I'll say the good news right away. We won the first round of our case against Miyazaki Educational Institution. The "karishobun" ruling went in our favor. On all matters of fact, the court saw things our way. On matters of law, we have a way yet to go. We go for the main court case within the next couple of weeks. For a few more details, check out my home page:

Masako and I are enjoying a three week vacation at our home in Miyazaki. We have spent the past three months in the town of Yamato Machi in Niigata Prefecture in northern Japan. I have been working as a Visiting Professor at the International University of Japan.

Meanwhile, the case over my dismissal this past spring has posted its first results. We won the first round. The Miyazaki District Court has ruled on several matters of fact in the preliminary hearings seeking temporary support. In the first ruling, the judge has found that I have continuing rights as an employee of the school. The court ordered the school to pay 100,000 yen per month from December, 1999 to March, 2000. The school also is ordered to pay all my legal expenses, to date. The court also found that allegations made by the school challenging my credentials were spurious. The court agrees with our position that I had not agreed to be dismissed and had a reasonable expectation of continuing employment.

The court ruled that my dismissal was not based on any objective, rational, or socially acceptable reason. The schools assertion that my dismissal was a necessary cost-saving measure was doubted. My qualifications and ability were also ruled out as a basis for dismissal.

On the other hand, the court expressed doubts over whether the school could have been prevented from forcing me to accept pay cuts or part-time employment, had they been offered to me. Although not ruling on any matter beyond the current school year, the court suggested that only the current year might be considered for any wrongdoing on the school's part since I was on a one-year contract basis and couldn't have expected to work more than one year at a time. We had been arguing on the other hand that as a continually- and repeatedly-employed contract worker, I had established some rights of tenure. This is matter to be reintroduced during the main court case which is expected to be filed within a couple of weeks.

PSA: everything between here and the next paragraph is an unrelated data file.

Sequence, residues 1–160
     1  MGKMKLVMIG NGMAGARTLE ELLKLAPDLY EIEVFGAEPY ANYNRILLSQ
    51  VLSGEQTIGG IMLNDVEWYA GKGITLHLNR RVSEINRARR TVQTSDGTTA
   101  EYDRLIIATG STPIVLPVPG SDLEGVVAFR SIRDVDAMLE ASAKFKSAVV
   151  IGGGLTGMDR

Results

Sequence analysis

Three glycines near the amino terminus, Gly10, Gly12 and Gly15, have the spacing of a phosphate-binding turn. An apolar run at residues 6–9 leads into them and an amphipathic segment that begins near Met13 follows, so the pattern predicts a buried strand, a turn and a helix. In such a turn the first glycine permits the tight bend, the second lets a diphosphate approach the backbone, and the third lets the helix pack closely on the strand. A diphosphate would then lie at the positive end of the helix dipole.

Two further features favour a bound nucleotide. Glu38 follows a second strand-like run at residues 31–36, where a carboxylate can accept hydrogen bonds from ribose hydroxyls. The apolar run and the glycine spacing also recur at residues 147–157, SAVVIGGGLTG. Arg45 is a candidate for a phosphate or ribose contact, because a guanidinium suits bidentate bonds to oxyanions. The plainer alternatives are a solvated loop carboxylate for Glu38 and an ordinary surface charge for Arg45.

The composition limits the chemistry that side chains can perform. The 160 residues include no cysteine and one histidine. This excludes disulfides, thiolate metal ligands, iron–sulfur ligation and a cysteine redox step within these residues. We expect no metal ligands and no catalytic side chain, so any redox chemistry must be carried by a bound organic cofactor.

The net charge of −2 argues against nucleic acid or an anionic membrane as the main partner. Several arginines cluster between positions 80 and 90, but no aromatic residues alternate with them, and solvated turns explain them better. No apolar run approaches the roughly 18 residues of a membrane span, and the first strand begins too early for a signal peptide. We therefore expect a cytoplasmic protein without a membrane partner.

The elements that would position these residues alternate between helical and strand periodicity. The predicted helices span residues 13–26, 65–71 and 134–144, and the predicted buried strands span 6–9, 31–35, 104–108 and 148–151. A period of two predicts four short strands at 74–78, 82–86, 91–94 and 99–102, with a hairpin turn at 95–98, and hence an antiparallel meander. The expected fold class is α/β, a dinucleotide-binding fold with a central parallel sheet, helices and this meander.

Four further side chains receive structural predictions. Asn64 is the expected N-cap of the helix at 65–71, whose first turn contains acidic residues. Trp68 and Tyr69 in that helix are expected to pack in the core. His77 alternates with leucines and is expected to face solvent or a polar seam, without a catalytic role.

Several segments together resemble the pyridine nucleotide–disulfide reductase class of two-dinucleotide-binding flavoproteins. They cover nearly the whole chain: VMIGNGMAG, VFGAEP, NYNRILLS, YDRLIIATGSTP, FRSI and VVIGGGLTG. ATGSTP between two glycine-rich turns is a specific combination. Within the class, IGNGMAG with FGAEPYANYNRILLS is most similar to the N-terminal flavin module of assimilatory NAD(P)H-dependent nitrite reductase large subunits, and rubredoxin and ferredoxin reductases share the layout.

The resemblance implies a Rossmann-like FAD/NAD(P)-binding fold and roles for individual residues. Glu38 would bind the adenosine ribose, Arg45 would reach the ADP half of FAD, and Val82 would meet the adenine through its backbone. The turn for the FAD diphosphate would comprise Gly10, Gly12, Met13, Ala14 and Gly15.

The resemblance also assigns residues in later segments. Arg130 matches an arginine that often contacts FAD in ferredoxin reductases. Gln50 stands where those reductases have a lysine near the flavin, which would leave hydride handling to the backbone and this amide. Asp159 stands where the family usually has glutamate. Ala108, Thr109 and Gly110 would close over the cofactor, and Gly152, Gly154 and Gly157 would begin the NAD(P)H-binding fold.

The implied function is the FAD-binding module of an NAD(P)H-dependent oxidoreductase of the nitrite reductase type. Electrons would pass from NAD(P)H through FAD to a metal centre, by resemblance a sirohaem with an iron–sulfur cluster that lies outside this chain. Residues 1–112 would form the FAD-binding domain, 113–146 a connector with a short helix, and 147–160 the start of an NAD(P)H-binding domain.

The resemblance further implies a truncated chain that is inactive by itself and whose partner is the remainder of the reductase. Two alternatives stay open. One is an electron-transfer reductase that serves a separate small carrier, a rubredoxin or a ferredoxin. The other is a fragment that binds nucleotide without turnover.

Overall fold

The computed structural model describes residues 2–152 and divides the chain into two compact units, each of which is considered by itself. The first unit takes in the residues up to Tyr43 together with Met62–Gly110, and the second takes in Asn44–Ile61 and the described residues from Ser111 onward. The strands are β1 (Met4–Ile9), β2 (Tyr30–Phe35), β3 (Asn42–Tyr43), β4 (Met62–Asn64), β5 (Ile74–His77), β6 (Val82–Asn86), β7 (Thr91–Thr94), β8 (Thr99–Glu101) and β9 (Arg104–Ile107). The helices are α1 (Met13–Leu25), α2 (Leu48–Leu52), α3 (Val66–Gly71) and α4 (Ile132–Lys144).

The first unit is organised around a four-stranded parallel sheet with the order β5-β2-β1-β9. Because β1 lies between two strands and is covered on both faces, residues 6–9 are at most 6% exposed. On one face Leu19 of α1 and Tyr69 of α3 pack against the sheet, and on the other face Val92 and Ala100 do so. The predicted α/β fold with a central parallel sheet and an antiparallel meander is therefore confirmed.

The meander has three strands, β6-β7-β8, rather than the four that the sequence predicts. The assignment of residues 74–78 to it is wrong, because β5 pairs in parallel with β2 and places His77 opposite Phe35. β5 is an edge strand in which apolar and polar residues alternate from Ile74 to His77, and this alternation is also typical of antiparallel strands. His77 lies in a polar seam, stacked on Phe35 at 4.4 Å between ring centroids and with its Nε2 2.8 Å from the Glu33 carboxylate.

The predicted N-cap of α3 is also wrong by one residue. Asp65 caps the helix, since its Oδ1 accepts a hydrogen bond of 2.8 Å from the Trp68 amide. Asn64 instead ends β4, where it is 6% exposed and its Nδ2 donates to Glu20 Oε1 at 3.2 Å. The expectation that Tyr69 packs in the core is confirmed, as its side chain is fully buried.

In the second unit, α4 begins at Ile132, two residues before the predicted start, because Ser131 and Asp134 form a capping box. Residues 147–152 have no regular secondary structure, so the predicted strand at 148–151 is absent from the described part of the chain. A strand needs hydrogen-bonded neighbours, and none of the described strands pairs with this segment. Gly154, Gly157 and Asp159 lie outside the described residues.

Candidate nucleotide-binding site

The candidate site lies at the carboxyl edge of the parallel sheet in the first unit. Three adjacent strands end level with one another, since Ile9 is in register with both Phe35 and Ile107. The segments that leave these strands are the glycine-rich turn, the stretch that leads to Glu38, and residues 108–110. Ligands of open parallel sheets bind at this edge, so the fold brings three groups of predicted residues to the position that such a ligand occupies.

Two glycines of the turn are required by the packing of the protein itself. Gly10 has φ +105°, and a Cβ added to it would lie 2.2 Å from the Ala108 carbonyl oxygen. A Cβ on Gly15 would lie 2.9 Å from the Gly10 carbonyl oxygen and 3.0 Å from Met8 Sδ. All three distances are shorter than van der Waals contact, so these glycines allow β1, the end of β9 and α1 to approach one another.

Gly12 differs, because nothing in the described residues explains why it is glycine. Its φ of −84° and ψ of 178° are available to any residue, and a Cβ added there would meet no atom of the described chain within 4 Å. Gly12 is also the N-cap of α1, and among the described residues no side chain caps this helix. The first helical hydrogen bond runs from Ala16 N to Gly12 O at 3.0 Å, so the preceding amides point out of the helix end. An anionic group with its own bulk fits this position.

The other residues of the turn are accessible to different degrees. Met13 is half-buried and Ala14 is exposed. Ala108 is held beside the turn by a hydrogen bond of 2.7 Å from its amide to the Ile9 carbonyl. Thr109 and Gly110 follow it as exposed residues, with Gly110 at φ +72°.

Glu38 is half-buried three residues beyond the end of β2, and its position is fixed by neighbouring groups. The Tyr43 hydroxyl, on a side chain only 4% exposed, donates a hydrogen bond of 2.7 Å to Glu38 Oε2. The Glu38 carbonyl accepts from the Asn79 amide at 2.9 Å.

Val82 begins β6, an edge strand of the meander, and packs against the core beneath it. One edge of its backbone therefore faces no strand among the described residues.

In all points of fact over which there were disagreements between my story of what actually happened and the school's story, the court agreed with our presentation of the facts.

I would still like to see the court uphold my claim that Article 3 of the Labor Standards Law applies. That article states, "Employers are forbidden to engage in discriminatory treatment with respect to wages, working hours, or other working conditions by reason of nationality, creed, or social status of any worker." For the last four years, the renewal paragraph of my contract stated, "In view of the fact that Employee is employed as a foreign teacher by MEI, it is not contemplated that this agreement be renewed upon its completion." Since "working conditions" are defined to include such things as hiring, promotion, and dismissal, it still seems to me that the whole contract should be thrown out and I should be considered as a real person and a tenured faculty member, just like every Japanese faculty member is. I would hope to get retroactive pay and bonuses to the same level as my Japanese colleagues, as well.

Of course we are delighted with the results. The school's faculty/staff labor union which has supported me throughout was similarly pleased. It was the first legal victory of the union over the school.
Niigata, Jan 24 2000
(Courtesy of and excerpted from the Issho Kikaku Mailing List,

Some quick background. On Friday, February 5, 1999, I found a handwritten note in my mailbox from the English Department Chairman. It was scribbled on the back of an advertising flyer, and it invited me to a sayonara sushi party -- my own! Here is a brief history of what happened.